Today is Holy Saturday, the day between the death of Jesus and tomorrow’s celebration of Resurrection. A day of grief. A day of lament. A day of despair. I know so many grieving right now–loss of parents, jobs, ministries, relationships, health, and a host of other things. Grief is weird, unpredictable, often lonely.
I also know a lot of people grieving the loss of church and faith-as-they-knew-it this Easter weekend. This used to be a happy day, but now they dread it. It’s become a disorienting day, a day where the reality of everything they’ve lost when it comes to faith and church is most evident.
Today I wanted to honor the reality that while tomorrow Social media and churches will be abuzz with “He is risen!” and “Hallelujahs!”, there are a lot of people who aren’t feeling it this year for all kinds of different reasons.
The I-don’t-knows piled up.
The limited have-to-believe-it-a-certain-way-or-it’s-wrong theology has run its course.
The hypocrisy and entanglement with politics has pushed them over the edge.
The divide between hearts and heads just got too wide.
The loneliness while sitting in a crowd week after week too tiring.
The lack of compassion about divorce and addiction and sexuality and death and all kinds of other real struggles too painful.
There are all kinds of others reasons why people find themselves on the outside of all they once knew. However, I want to remind everyone that just because many aren’t sitting in pews this year it doesn’t mean we are sucked into secularism and are only talking about the Easter bunny.
Nothing could be further from the truth.
Rather, so many have spent countless years, hours, heart, time, and energy investing in the churches over the years. True believers, dedicated leaders, faithful followers of Jesus, people who knew the Bible inside and out and loved God and people with their whole heart, the first ones there every Easter Sunday.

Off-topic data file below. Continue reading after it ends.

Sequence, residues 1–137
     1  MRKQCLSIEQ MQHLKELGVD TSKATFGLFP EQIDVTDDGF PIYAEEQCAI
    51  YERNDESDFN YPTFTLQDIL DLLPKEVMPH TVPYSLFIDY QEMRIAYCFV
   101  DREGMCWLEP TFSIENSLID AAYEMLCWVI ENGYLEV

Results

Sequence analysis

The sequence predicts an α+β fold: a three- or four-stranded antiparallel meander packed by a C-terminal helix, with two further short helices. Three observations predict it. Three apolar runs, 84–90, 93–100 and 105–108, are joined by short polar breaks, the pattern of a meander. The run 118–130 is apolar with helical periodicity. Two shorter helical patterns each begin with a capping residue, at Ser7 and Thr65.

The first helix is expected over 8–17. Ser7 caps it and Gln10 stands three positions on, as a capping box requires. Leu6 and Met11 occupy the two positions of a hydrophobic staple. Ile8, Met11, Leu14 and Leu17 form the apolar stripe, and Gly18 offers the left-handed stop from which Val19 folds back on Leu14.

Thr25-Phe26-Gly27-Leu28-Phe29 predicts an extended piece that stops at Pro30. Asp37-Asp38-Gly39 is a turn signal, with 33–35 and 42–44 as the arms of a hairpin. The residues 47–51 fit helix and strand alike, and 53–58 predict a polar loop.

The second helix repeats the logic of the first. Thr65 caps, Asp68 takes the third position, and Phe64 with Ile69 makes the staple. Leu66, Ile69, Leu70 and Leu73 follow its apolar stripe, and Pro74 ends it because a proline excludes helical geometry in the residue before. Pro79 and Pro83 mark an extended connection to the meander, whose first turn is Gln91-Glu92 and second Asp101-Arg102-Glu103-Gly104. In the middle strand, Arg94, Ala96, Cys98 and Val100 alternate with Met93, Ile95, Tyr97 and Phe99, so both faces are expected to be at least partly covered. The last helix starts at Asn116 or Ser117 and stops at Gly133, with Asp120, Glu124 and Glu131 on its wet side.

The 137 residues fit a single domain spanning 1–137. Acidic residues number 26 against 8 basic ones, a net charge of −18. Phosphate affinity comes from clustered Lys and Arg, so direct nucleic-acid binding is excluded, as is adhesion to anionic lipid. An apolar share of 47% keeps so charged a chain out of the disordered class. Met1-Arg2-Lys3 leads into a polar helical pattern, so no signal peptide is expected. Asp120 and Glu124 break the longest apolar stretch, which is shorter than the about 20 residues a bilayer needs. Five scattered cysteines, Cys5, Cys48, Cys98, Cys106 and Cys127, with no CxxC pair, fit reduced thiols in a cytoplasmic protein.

There’s still a deep desire for faith, it’s just that all of the old tricks aren’t working anymore.
This group is often forgotten on this day–Ex-church-folks who long for the connection, community, and hope that Easter offers but can’t bring themselves to walk into any of them this year.
It would be easy to dismiss them, and say “Well, they just need to get over it, it’s just one hour” or “We can’t let them ruin our fun” without acknowledging that it really stinks when the luster of Easter erodes and you find yourself out on the fringes of everything that once was familiar.
When the thought of walking into a church makes you feel a little sick.
When all of the words to the songs seem silly.
When you’re not sure what you believe about a lot of things you used to believe and so what’s Easter supposed to mean then?
When the predictability of the sermons, messages, and the whole kit-and-kaboodle could cause an allergic reaction.
When nothing related to “church” feels safe or good right now.
For many, Easter is a happy beautiful redemptive day, and I love that about it. I never want to take away from another person’s joy.
I personally love the mystery and hope of the Jesus story and the way of the cross transforming into resurrection.
I don’t need to stuff or hide my own personal feelings about Easter to take care of those struggling with it.
However, I do think I’m supposed to care about it because these are my brothers, my sisters, my friends.
On this day of grief, I wanted to say something out loud about this reality for many instead of ignore it.
To remind my friends that even though I do have my crazy community that is still a safe enough spot for me to celebrate Easter, I hurt with you for the loss.
To acknowledge that it’s real and not crazy.
To say out loud that I really wish there were better options to hold a sacred space for this season of the spiritual journey that felt familiar enough.
To honor that it really sucks when the system hijacked so much of the good stuff and we don’t know quite yet how to get free.
To respect our stories and remember that they are always unfolding, transforming, and I truly believe that God’s got us no matter what.
To remember that sometimes all we’ve got, in the words of Leonard Cohen, is “a cold and broken Hallelujah.”
Most of all, my hope is that if you are hurting or feeling lost this Easter, that somehow, some way, some unexpected slivers of hope and resurrection come peeking through this year in mysterious ways and you feel less alone.
Peace & love from Colorado, Kathy
ps: The other posts from this Holy Week series are listed here.